Teacher-Education Reform Slow, Deans Say in Study
Deans and chairmen who head up the nation's schools, colleges, and departments of education strongly agree with their institutions' agendas for reforming teacher training, but believe little action has been taken to implement those plans, according to a study released this month by the American Association of Colleges for Teacher Education.
Slightly more than 90 percent of the institutions whose leaders responded to the survey, Teaching Teachers: Facts and Figures, 1991, reported that admissions standards had been raised on their campuses.
Three-fourths indicated that exit standards also had been put into place. And almost as many respondents said they had undertaken partnerships with elementary and secondary schools to improve teacher preparation.
At the other end of the spectrum, only 20 percent of those surveyed noted that student-cohort groups had been developed, and only 28 percent had adopted extended teacher-education programs.
The preliminary data, released at aacte's annual meeting in Atlanta this month, is the latest in a series of reports produced by the organization's Research About Teacher Education project.
The new study, known as rate V, focuses on the leadership of schools, colleges, and departments of education. The final report will be available through aacte later this year.
More than 200 academic heads responded to the survey; about one-fourth of them were deans.
According to Gary Galluzzo, associate dean of education at the University of Northern Colorado, who helped conduct the study, most of the reforms adopted by institutions to date "are the result of external forces," such as a state department of education telling them to raise admissions criteria.
New exit standards also have been adopted primarily because of pressure from state lawmakers, he said.
Education deans identified department chairmen as having the most influence in bringing about changes on their campuses, with central-office administrators the least effective. But the chairmen saw themselves as least effective and "powerful faculty" members as the greatest source of reform.
The researchers reported that few inroads have been made in increas ing the number of women and mi nority members who are deans and chairmen since a similar profile of leaders was drawn 15 years ago.3
Eighty-five percent of the college, school, and department heads sur veyed were male; 95 percent were white, according to Nancy Zimpher, an associate professor of education at Ohio State University.
A majority of the deans have been in their present positions for five years and anticipated remaining L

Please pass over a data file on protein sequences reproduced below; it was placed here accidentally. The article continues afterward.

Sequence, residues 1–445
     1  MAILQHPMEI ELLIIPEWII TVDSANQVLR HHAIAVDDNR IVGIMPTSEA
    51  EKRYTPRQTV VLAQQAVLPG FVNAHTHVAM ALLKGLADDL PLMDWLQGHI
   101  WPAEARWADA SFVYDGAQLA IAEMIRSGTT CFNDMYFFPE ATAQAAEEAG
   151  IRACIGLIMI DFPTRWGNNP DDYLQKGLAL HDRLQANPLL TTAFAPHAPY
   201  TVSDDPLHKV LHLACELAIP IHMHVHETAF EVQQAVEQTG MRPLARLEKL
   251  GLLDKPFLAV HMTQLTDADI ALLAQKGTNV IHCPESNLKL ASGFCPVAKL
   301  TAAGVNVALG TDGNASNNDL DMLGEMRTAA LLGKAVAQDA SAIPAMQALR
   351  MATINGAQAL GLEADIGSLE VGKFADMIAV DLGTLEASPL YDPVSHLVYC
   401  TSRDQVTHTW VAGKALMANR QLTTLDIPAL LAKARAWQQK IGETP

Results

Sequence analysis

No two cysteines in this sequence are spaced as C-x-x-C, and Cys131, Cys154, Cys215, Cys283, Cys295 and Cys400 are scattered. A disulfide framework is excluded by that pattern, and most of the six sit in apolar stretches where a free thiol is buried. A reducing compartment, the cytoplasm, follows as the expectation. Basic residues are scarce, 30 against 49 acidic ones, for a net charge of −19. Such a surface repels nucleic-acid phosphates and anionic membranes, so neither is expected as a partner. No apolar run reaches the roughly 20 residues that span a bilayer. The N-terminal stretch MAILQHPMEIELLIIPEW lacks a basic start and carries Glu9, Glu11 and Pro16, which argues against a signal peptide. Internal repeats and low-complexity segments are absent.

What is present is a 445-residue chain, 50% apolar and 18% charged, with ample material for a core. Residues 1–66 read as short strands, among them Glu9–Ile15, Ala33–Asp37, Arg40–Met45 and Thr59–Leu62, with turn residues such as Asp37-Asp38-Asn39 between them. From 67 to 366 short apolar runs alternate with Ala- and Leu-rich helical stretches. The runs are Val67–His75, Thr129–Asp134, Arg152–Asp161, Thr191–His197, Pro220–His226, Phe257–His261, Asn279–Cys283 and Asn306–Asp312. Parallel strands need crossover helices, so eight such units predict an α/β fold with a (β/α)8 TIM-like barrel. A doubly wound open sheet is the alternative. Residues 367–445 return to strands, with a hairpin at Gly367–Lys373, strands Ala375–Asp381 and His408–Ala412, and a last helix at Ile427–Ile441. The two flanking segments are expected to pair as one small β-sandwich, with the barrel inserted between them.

there another four to five years--a shorter period than 15 years ago, when deans believed they would stay put a dozen years, Ms. Zimpher said.
Most of the deans have worked in academe about 20 years, and 88 per cent had been school administrators at some point in their careers.
Some 60 percent received salary increases for taking the administra tive posts. On average, deans paid on a 12-month cycle earned $64,400, while chairs earned $55,000.
In small liberal-arts colleges, only 14 percent of the department heads said they received financial support throughout the calendar year.
What women there are in the pro fession earn 90 percent of the sala ries of their male counterparts, up from 81 percent five years ago.
The deans reported that three-HL fourths of their time is spent on ad ministrative duties, while chairmen devoted about half of their time to
Most deans said they spend more time than they would like on day-to- day operations, rather than on long- range planning.
They also have seen their time for publication and scholarship dwindle and feel buffeted by conflicting de mands and external pressures, the survey found.
Attending to program improvements topped the list of priorities for deans and chairmen, followed by tending to faculty conditions, promot ing a healthy academic climate, and engaging in long-range planning, said Mary McManus Kluender, an assistant professor of education at the University of Nebraska at Lincoln.
Not surprisingly, faculty members ranked faculty conditions as the con cern that should be foremost in the minds of deans and chairmen. Long- range planning was second and pro gram improvements a distant third. But the greatest variation was re4orted by the education leaders' supe riors, who ranked budget manageL ment first. Program improvements were second; long-range planning and faculty conditions tied for fourth.
Despite their frustrations, 86 per cent of the deans and 69 percent of the chairmen said they would accept their administrative posts again.
Other research-team members in cluded Richard I. Arends of the Uni versity of Maryland; Kenneth Howey of Ohio State University; Edward DuH charme of the University of Vermont; Antoine Garibaldi of Xavier Univer sity, Louisiana; and Sam Yarger of the University of Wisconsin.
Staff Writer Ann Bradley contrib uted to this report.